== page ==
Despite these challenges, researchers and developers are actively exploring ways to incorporate smell into VR environments. Advances in technology, such as scent-emitting devices and programmable scent cartridges, offer promising avenues for experimentation and innovation in this field. I have actually experienced an experimental VR experience that incorporated scent during a workshop at college.  I must admit, I found the addition of scent somewhat intrusive!   I was also aware that there was going to be an olfactory component to the experience so I was waiting for it, which hampered my sense of immersion slightly.   However, it remains an intriguing concept! 

In the future, as the technology matures and becomes more accessible, we may see smell playing a more prominent role in VR experiences, further enriching the sensory tapestry of virtual worlds. From the sweet scent of flowers in a virtual garden to the acrid smell of smoke in a virtual battlefield, olfactory feedback has the potential to revolutionise the way we perceive and interact with virtual environments. As we continue to push the boundaries of immersion in VR, smell may very well become an essential component of the immersive experience, engaging our senses in new and unexpected ways.

What other types of feedback may be incorporated into VR in the future?  I will let you decide where on the scale from exciting to dystopian all of these fall: 

Temperature Feedback

Imagine feeling the warmth of sunlight on your skin as you explore a virtual beach or the chill of an icy cavern. Temperature feedback could simulate environmental conditions, adding another layer of realism to VR experiences.

Biometric Feedback

Monitoring physiological responses such as heart rate, respiration, and galvanic skin response could provide valuable feedback to adapt the virtual environment in real-time. For example, increasing the intensity of a horror game based on the player’s elevated heart rate or adjusting the pace of a meditation app based on their breathing patterns.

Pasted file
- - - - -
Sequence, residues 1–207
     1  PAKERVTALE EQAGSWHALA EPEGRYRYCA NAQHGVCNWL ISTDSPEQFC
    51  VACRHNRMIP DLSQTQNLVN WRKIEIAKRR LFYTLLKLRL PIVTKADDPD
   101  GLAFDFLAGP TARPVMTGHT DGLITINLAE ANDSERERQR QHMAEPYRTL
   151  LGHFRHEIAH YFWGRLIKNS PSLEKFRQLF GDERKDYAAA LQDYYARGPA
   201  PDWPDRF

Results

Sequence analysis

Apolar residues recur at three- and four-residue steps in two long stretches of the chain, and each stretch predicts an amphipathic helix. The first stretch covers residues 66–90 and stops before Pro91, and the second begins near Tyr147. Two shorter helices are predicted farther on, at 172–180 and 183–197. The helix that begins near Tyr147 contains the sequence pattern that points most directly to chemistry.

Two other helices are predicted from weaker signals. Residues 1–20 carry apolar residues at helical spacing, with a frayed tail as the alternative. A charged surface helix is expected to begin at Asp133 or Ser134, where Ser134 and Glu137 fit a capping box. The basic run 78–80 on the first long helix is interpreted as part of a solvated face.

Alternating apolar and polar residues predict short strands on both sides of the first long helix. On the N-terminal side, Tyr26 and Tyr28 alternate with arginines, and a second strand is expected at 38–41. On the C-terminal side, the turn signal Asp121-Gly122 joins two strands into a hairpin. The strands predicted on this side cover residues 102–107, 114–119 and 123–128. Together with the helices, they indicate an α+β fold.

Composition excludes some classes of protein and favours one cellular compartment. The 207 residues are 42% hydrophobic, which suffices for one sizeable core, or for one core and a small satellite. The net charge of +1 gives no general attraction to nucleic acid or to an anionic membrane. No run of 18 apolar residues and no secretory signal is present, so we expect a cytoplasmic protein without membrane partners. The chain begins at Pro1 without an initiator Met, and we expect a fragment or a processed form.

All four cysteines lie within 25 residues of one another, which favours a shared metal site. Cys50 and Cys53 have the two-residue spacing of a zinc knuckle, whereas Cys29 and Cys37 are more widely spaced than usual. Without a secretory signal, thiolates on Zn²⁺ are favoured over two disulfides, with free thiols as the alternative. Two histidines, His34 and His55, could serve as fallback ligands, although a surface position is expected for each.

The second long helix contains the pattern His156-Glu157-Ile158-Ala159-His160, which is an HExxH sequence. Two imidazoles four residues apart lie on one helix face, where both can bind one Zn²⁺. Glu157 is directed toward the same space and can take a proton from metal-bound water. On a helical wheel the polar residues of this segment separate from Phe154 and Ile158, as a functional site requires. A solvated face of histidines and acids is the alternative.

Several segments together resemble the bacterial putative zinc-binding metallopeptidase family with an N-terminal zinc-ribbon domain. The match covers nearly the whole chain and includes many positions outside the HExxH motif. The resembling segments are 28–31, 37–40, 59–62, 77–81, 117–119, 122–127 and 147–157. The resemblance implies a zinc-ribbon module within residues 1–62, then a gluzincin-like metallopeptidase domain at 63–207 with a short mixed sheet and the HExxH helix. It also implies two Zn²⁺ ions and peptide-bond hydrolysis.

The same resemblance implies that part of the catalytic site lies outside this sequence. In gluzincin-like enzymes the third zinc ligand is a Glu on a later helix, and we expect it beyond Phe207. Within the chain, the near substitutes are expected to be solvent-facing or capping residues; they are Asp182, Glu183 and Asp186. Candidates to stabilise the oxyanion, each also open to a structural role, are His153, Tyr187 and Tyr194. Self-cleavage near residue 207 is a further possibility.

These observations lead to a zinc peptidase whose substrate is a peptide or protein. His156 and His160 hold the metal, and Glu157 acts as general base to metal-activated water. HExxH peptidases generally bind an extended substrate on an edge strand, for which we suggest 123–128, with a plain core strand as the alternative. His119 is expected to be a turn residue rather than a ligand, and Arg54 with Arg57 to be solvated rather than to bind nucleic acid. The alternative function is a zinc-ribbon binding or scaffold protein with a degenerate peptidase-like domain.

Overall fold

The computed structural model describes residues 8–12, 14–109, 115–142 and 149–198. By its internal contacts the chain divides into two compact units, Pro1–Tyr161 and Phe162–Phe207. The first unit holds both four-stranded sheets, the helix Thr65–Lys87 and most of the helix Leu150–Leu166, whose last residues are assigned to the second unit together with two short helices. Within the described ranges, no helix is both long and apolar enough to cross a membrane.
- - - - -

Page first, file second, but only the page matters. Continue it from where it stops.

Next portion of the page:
Spatial Feedback

Utilising spatial audio cues or directional haptics could provide feedback based on the user’s position and movement within the virtual environment. This could include subtle vibrations or auditory cues to indicate proximity to objects or boundaries, enhancing spatial awareness and immersion.

Emotional Feedback

Incorporating facial recognition technology or voice analysis to detect the user’s emotional state could dynamically adjust the VR experience to evoke specific emotions or tailor content based on individual preferences. For example, adapting the narrative of a story-driven game based on the player’s emotional reactions.

Customisable Feedback

Giving users the ability to customise their feedback preferences could further personalise the VR experience. This could include adjusting the intensity of haptic feedback, choosing preferred scent profiles, or fine-tuning other sensory inputs to suit individual preferences and sensitivities.

Full-body Feedback

Advancements in motion capture technology could enable full-body feedback, allowing users to feel sensations throughout their entire body. This could involve exoskeletons or wearable devices that provide haptic feedback to simulate physical interactions within the virtual environment.

Multi-sensory Integration

Combining multiple feedback mechanisms to create a truly multi-sensory experience could amplify immersion in VR. For example, synchronising visual, auditory, tactile, and olfactory feedback to create a cohesive and immersive sensory experience.

As VR technology continues to advance, so too will the art of crafting feedback. What once seemed like mere vibrations or digital mirroring will evolve into intricate symphonies of sensation, seamlessly blending the physical and virtual realms. And just as audiences once marvelled at the flickering images of early cinema, so too will future generations marvel at the immersive worlds we create—a testament to the power of feedback to transcend the boundaries of reality and ignite the imagination.